It started looking a lot like Christmas at stores far too long ago, but now we've hit the deafening crescendo no-holds-barred Holiday Shopping As Sport, drowning out all good sense, leaving a path of hard-working, underpaid retail workers in its wake.

Shopping for the holidays loses a bit of its sparkle when you’ve been on the other side of the cash register, being told off by someone who just really needs boxes for two dozen warm cinnamon mini candles two days before Christmas, when free boxes — and workers’ patience — are mostly gone.

Believe me, I've been there. I've listened to the same 12 Christmas songs 27 times in a shift. I’ve removed price tags from all of your presents while my tissue paper wrapping skills were critiqued. I once accidentally destroyed a Christmas tree’s worth of glass ornaments trying to redo the holiday display so it felt more festive. I sold housewares hungover on New Year’s Day.

I’ve got stories.

And like anyone who has worked in any kind of retail job, more than a few involve being humiliated by an angry patron. It’s a truly terrible thing to have someone take out all of their worldly anger on you while you’re selling them a rug.

My worst experience was during college when, for three shifts each week in between classes and a student journalism job, I sold obnoxiously scented candles and throw pillows. Not bad work if you didn’t mind spending an entire day on your feet arguing with someone about whether the floor model table had a scratch and should be discounted.

This first retail job required me to work a cash register, which is a skill best acquired through much practice. After a too short training, I was thrown to the wolves on a busy Saturday when everyone in Baton Rouge desired candles. Lines snaked from the checkout counter as a woman presented me with an item that needed to be returned.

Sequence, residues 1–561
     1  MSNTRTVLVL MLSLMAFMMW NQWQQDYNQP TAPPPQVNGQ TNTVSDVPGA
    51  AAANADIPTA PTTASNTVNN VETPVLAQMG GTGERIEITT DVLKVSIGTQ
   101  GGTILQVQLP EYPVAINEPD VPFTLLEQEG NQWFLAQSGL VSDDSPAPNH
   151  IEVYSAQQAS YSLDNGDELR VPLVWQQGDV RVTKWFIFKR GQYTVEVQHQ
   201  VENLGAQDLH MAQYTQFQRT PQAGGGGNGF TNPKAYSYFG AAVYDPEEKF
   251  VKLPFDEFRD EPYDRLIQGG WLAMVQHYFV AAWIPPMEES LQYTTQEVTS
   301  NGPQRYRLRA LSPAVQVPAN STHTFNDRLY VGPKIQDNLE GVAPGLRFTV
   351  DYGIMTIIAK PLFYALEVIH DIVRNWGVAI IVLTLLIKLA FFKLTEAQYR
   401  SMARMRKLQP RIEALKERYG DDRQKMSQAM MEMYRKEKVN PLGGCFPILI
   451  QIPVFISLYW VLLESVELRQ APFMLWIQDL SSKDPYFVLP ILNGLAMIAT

Returns are an advanced cash register technique, and I went through the steps deliberately, making conversation as I fed a carbon paper form through the machine to create a merchandise credit. (It was the late 1990s.) I presented it to her proudly — “Here is your store credit. Please present it the next time you come shopping.”

She was furious. She had wanted the purchase credited back to her credit card, and in my concern over the steps in the cash register, I’d neglected to realize this. I apologized and tried to get a manager over to help us fix the error. The angry shopper would have none of it. She snarled at me, caused a small scene and made me feel about 3 feet tall before storming out of the store.

I felt badly for my mistake, but my manager said I’d done all that I could and reminded me to be more attentive in the future. I fought back tears as I continued checking people out.

Thousands of transactions later, I was working through my line of shoppers when a woman placed her items on the counter and handed me a mangled merchandise credit.

“I haven’t seen one of these in awhile,” I said, cheerfully making conversation as I forced the form through the printer, trying to recall how to process this old-school transaction. “We use gift cards now.”

She was eerily silent. I looked up.

“You wouldn’t be seeing it now if you’d actually rung my return up correctly a year ago,” she spat back through clenched teeth.

We made eye contact. It was her, the woman with the return I’d bungled my first shift on the cash register. She gave me a pointed stare to let me know I was the worst person in the world for having committed the crime of Creating A Merchandise Credit.

Flush with fresh shame, I stammered another apology as she again stormed out of the store.

If I met that woman today, I’d probably tell her that I’m sorry she held that anger over her merchandise credit inside of her for a year, and I hoped making me feel like dirt was worth it.

No one is perfect. I myself have been too short with retail workers more often than I care to admit (Trust me when I tell you I am ashamed). While we shouldn’t need a reminder to treat each other with respect, it certainly doesn’t hurt.

Be nice to the person checking you out this holiday season. Not only are they a human being worthy of kindness and compassion, this week, they’ve probably heard a too earnest version of “White Christmas” more than anyone deserves to.

Christina Stephens is a Baton Rouge native who tweets often, usually about LSU, her dog and south Louisiana. Follow her on Twitter, @CEStephens.